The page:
Chilean airline LAW (Latin American Wings) had submitted a letter of intent on Friday and now it intends to go ahead with the talks. Company representatives are expectd to arrive in Montevideo on Thursday to hold meetings with Alas Uruguay authorities and with the Transport and Public Works Minister Victor Rossi.
LAW started business in January this year with a Boeing 737-300 and has flights to Lima and Punta Cana. Months later it kept two of the three aircraft originally leased by Alas Uruguay. One of the possibilities expected to be on the table is that the Chilean airline acquires the shares of the Uruguayan company, which operates as a corporation (Dyrus S.A.) including its liabilities.
The Chilean firm is particularly attracted by the growing potential of the air shuttle between Montevideo and Buenos Aires throughout the year as well as the routes from Argentina to Punta del Este in the summer months.
In addition to their many problems, the Alas Uruguay executives are struggling to maintain their last plane airworthy. That Boeing 737-300 can play a key role in the business plan, since the new investors have expressed hopes that it be operational for the summer season since it is already a certified piece of equipment that can save up to two months’ paperwork, which could be crucial for the survival of the airline.
The owner of the aircraft is an American company that aims to take the aircraft and it argues for economic breaches in the lease. There is a delay in payment, but it is within the set deadlines. However, the airline filed a legal action and got an extension which expires November 24.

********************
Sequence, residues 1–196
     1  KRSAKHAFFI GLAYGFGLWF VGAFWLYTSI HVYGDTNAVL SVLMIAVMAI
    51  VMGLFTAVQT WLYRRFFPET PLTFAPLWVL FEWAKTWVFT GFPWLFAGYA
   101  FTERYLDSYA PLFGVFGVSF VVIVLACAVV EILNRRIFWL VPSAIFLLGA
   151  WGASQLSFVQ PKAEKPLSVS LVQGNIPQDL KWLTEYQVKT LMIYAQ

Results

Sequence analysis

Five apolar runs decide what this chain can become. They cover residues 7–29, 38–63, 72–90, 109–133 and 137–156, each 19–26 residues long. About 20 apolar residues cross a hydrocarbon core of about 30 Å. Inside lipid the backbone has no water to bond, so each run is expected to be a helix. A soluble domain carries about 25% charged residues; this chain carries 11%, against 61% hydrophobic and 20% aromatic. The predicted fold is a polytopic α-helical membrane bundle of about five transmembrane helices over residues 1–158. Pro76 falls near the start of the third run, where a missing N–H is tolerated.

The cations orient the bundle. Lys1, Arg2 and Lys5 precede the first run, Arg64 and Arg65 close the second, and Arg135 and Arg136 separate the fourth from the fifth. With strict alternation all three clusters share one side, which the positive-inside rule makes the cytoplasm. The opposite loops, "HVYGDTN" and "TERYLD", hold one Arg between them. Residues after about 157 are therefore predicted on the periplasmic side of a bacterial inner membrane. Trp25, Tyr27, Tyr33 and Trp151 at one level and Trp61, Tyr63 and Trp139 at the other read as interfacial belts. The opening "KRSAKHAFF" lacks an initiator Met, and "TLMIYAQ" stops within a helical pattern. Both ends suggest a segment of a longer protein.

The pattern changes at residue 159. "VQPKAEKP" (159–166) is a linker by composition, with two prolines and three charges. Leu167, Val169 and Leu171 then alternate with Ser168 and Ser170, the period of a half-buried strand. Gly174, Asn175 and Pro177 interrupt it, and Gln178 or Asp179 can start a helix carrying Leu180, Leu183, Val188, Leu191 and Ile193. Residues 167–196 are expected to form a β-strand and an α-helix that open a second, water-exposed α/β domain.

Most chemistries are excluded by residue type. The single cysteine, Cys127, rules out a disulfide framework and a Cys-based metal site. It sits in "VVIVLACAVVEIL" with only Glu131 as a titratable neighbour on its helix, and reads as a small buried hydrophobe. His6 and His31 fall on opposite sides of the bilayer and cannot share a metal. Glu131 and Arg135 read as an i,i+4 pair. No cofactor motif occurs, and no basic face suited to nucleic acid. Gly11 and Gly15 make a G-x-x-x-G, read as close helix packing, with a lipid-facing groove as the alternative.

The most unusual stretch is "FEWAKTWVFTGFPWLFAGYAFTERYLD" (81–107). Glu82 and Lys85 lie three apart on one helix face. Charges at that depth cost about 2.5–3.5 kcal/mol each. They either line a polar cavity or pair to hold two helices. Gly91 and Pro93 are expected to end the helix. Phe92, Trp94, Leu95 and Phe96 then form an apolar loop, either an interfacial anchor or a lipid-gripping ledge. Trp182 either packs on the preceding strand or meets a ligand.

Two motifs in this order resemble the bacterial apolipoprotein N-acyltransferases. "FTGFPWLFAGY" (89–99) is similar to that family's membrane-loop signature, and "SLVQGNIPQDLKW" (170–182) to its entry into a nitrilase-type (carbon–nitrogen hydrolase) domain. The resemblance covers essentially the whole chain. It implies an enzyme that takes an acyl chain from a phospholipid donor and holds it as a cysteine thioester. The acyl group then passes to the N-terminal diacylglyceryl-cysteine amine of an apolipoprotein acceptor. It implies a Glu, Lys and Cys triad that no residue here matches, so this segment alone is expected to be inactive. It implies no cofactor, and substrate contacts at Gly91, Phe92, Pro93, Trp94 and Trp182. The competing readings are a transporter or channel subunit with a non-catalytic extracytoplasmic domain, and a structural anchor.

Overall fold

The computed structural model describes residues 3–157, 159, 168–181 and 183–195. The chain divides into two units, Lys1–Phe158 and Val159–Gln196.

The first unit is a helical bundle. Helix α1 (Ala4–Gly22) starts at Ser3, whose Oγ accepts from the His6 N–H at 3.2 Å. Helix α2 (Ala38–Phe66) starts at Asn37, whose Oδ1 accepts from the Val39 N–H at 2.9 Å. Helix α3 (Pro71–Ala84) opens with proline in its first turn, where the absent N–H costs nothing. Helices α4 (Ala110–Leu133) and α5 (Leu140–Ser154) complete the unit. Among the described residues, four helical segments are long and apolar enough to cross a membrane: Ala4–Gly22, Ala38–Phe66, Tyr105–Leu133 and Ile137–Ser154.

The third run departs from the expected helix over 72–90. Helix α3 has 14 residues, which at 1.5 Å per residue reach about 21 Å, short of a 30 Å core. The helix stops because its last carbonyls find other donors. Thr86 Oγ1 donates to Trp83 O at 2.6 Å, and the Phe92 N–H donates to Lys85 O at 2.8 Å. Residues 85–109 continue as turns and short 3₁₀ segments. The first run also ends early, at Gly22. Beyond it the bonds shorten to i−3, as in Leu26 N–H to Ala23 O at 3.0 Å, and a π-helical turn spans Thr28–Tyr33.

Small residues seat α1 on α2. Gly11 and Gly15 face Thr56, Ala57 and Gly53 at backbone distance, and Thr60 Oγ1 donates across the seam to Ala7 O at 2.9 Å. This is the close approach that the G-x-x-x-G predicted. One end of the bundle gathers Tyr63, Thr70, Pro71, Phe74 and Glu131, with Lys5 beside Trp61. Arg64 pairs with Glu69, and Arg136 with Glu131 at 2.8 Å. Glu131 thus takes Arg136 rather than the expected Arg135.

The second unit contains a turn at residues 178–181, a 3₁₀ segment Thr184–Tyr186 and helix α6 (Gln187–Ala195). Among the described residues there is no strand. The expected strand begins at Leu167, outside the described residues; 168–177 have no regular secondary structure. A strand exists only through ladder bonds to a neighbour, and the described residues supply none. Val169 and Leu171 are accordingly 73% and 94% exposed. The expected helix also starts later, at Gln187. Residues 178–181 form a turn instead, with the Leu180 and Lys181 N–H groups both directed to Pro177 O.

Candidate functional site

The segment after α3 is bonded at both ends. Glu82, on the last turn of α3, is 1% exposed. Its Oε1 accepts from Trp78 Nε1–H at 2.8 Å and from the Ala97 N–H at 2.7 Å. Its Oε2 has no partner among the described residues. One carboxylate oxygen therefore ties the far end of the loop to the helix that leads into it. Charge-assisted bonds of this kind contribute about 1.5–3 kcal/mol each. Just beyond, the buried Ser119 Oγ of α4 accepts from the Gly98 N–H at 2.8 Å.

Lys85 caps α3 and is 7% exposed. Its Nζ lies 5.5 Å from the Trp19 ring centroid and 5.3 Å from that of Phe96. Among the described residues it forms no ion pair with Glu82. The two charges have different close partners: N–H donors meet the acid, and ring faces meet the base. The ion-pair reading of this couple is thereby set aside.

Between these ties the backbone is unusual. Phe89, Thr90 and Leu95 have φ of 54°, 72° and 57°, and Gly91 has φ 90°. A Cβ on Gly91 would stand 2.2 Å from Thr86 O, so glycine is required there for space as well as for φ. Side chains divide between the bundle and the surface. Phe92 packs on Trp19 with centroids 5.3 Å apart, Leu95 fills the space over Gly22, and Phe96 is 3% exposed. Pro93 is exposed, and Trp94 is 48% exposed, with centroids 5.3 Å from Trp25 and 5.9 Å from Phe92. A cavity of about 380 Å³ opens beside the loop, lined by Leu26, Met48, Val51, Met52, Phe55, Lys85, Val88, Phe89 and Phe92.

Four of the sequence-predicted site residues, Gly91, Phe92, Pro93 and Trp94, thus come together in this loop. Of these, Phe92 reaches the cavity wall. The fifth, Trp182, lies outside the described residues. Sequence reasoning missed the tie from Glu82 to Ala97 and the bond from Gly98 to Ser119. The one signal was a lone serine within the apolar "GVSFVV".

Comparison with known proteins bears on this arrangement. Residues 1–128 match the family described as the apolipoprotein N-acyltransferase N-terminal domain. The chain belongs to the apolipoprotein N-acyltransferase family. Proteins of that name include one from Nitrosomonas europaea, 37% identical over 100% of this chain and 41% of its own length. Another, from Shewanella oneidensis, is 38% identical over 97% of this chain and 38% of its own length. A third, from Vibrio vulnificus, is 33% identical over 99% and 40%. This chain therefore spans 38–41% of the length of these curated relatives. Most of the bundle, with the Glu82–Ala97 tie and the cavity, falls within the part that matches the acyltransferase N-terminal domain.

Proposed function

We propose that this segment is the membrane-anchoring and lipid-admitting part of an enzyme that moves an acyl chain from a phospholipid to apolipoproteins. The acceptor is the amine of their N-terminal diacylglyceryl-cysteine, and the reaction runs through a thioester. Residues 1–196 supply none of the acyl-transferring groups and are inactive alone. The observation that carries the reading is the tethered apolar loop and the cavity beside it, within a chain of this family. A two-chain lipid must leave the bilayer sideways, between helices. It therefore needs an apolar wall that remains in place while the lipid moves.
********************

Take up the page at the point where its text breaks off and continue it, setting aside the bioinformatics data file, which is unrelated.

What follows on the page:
Alas Uruguay, dragging financial problems, suspended its flights on Monday 24 October for at least 60 days to wager an agreement with an investment partner or company in the industry to enable it to resume its activities. Within that period, the company holds rights on routes and its air operator certificate (AOC) to be able to resume regular services, provided the fleet consists of at least one plane. If the resumption of flights is to go beyond that deadline, a new inspection of the aviation authority is required.
Alas Uruguay emerged after the closure of Pluna -in July 2012-, as a self-managed enterprise by former employees of the defunct company. After several comings and goings, the airline started flying on 21 January this year.
A key factor for this to happen was the money contributed by Development Fund (Fondes): a credit line of US $ 15 million approved during the government of Jose Mujica. The company is in the red, owing suppliers some US$ 4.9 million and employeed around US$ 200,000.
Any new investor would have to take care of all those liabilities plus the repayment to the Uruguayan government of the original loan, when the time comes.